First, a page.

• 1.2 Million Readers
  • 388 Reviews
  • 330 Articles

Buyer's Guide to Coffee Makers

There are loads of different forms of coffee machine out there, depending on whether you’re conscious about space, price, the taste of the coffee or the grind and form of coffee you use.

There are also models to suit all styles and capabilities, whether you’re a rushing-out-the-door drinker or you prefer to take some time over the extraction process.

So, which coffee machine is right for you and which should you buy?

Electric Coffee Machines

Bean To Cup

Bean To Cup Machine
  • 10p per cup
  • Beans
  • Milk frothers and steam wands
  • Offers multiple ways to make coffee
  • Barista style experience at home
  • Often the most expensive

Pod Machines

Nespresso Pixie Coffee Machine
  • 25p per cup
  • Pods
  • Hassle free
  • Choice of hot drinks beyond coffee
  • Often cheapest to buy
  • Pods can be pricey
Espresso Machine Reviews
  • 25p per cup
  • Grounds
  • Good for anyone who likes coffee a certain way
  • Manual or automatic operation
  • Can be a fine art to use


Russell Hobbs 20680 Buckingham Filter Coffee Machine
  • 20p per cup
  • Grounds
  • American Style Black coffee
  • Good for multiple servings
  • Stays warm
  • Only makes filter coffee so no milk-based


Integrated Coffee Machine Reviews
  • 15p per cup
  • Beans or Grounds
  • Similar to a bean to cup machines
  • Slimline unobtrusive style
  • Very pricey and limited choice in comparison

Manual Coffee Machines

Andrew James Moka Pot
  • 15p per cup
  • Grounds
  • Strong coffee
  • Various serving sizes available
  • Can be time consuming
  • 10p per cup
  • Grounds
  • Longer extraction so stronger taste
  • Serving size flexible
  • Time consuming
Lsydnfow Cafetiere French Press Coffee Maker
  • 15p per cup
  • Grounds
  • Larger servings
  • Strong taste
  • Affordable option
  • Can be a pain to clean
GSI Outdoors Glacier Stainless Percolator
  • 10p per cup
  • Grounds
  • Strong taste
  • Electric or Stove Top
  • Large quantities
  • Need to experiment to suit tastes
Bodum ePEBO Electric Vacuum Coffee Maker
  • 15p per cup
  • Grounds
  • Very trendy
  • Novelty design and method
  • Makes great tasting coffee
  • Limited choice out there
Toddy Cold Brew System
  • 10p per cup
  • Grounds
  • Strongest taste of all as it brews for days
  • Can be reheated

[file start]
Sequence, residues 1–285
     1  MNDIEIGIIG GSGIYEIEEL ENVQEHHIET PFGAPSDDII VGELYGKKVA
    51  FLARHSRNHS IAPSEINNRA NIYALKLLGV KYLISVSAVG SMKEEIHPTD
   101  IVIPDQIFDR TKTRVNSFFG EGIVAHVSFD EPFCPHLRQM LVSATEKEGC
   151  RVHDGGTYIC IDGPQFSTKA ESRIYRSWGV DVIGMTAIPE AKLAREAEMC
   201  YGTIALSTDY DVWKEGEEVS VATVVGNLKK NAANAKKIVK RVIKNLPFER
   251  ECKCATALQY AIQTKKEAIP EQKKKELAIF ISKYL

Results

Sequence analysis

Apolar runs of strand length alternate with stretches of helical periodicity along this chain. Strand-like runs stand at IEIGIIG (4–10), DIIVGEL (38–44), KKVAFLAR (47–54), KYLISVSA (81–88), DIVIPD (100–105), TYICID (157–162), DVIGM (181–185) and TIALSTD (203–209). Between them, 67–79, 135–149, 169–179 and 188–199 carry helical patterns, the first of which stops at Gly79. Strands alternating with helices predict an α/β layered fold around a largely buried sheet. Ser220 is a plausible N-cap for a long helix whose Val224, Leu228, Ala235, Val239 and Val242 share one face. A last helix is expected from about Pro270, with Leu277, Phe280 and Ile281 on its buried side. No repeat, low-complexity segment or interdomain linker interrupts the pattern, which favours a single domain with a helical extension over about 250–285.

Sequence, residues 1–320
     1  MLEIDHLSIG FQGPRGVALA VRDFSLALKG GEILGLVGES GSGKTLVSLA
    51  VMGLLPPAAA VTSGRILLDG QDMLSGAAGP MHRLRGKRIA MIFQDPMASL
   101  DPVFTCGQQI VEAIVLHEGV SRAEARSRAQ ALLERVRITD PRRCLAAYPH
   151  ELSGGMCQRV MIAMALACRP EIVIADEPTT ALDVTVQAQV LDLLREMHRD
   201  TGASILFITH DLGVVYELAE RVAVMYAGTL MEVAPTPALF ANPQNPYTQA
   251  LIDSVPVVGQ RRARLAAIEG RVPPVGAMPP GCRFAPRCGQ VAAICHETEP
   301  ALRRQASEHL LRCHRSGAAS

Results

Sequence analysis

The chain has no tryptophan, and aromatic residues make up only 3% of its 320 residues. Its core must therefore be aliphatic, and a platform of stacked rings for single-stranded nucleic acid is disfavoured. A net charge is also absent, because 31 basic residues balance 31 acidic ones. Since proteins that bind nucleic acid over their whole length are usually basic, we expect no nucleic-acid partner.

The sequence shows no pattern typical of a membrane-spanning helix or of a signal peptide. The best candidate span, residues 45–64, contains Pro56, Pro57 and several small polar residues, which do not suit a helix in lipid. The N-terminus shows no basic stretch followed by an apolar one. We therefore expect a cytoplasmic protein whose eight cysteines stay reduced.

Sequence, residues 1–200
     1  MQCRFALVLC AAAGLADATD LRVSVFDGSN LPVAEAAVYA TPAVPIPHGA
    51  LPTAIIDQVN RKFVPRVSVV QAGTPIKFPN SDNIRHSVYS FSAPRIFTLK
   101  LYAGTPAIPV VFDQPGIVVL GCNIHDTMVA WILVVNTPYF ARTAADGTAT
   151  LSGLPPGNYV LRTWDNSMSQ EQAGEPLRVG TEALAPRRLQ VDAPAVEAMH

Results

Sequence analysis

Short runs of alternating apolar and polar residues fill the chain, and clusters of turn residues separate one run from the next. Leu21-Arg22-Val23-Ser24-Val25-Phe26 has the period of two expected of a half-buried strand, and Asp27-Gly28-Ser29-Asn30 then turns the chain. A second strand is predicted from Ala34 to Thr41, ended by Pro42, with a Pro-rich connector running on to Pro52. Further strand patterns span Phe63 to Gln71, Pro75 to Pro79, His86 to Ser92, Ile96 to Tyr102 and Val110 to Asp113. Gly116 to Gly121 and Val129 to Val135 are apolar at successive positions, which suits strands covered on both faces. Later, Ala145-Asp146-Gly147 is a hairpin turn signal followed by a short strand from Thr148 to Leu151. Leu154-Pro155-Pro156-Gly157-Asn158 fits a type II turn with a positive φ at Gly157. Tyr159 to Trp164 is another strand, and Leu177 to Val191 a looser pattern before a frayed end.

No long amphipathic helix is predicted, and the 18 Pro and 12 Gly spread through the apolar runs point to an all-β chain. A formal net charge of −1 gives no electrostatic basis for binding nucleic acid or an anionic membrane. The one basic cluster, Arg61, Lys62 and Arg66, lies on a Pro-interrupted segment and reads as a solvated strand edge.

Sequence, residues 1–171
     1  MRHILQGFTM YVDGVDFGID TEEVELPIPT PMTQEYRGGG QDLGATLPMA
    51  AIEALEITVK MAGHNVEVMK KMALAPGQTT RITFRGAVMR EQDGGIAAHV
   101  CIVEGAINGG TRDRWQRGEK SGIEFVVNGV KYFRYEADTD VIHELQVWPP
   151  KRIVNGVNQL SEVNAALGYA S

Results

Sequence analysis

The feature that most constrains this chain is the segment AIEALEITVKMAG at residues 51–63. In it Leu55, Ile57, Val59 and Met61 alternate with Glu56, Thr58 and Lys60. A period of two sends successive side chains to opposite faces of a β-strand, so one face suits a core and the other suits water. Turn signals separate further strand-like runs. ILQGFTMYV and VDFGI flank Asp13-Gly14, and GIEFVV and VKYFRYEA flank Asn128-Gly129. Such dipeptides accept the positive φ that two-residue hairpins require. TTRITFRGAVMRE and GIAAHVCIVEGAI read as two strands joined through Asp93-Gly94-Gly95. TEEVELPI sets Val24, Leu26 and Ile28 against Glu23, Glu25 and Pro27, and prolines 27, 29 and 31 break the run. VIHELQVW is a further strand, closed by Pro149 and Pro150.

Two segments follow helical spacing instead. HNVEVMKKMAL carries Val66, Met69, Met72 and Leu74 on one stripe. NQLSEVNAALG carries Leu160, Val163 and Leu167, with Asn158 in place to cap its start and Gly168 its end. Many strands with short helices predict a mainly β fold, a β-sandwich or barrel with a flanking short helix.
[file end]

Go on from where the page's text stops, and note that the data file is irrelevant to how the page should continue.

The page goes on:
• Simple to make
  • Needs to be kept in fridge

Features in Coffee Makers Which Affect Clarity and Body

When choosing a coffee maker, another consideration should be:

How do you like your coffee?

When brewing, there’s a trade off between the clarity of flavours in the coffee and the amount of body it has. The greater the clarity of flavours, the lighter the body and vice versa.

So the first question to ask yourself is: do you prefer your coffee bright and light; full-bodied; or somewhere in between?

There are three main features in coffee makers which dictate the level of clarity and body the coffee has:

1. Filtration

The most defining factor is the type of filtration the coffee maker uses to separate the coffee solution from the ground coffee. The finer the filter the more clarity the coffee will have. 

Whilst the size of pores does vary from brand to brand, the fineness of the filter is governed by the material it’s made from. Generally, paper filters have the finest pores, followed by cloth and then metal.

2. Pressure

Coffee makers that apply pressure during the brewing process usually have more body than those that don’t. For example, espresso machines and stove-top espresso makers will have a fuller body and less clarity than a cafetiere (french press).

Coffee Filter

3. Brewing Style

Broadly speaking, coffee makers can be divided into two camps: full immersion and percolation brewers (not to be confused with coffee percolators).

With a full immersion brewer, the full amount of water is in contact with the ground coffee for the majority, if not the entire duration, of the brew. The cafetiere (or french press) is the most common full immersion brewer.

With a percolation brewer, water is passed through a bed of ground coffee, usually quite slowly. A good example of this is a pour-over (drip filter) brewer.

Typically full immersion brewing lends itself to fuller bodied brews than percolation, although this isn’t always the case. Full immersion brewing is also much simpler than percolation, so it’s easier to get consistent results.

Further Information

Once you’ve seen a type of coffee maker you’re interested in, choose from the links below to find more information about it:

How To Pick Coffee Machine
Coffee Machine buying Guide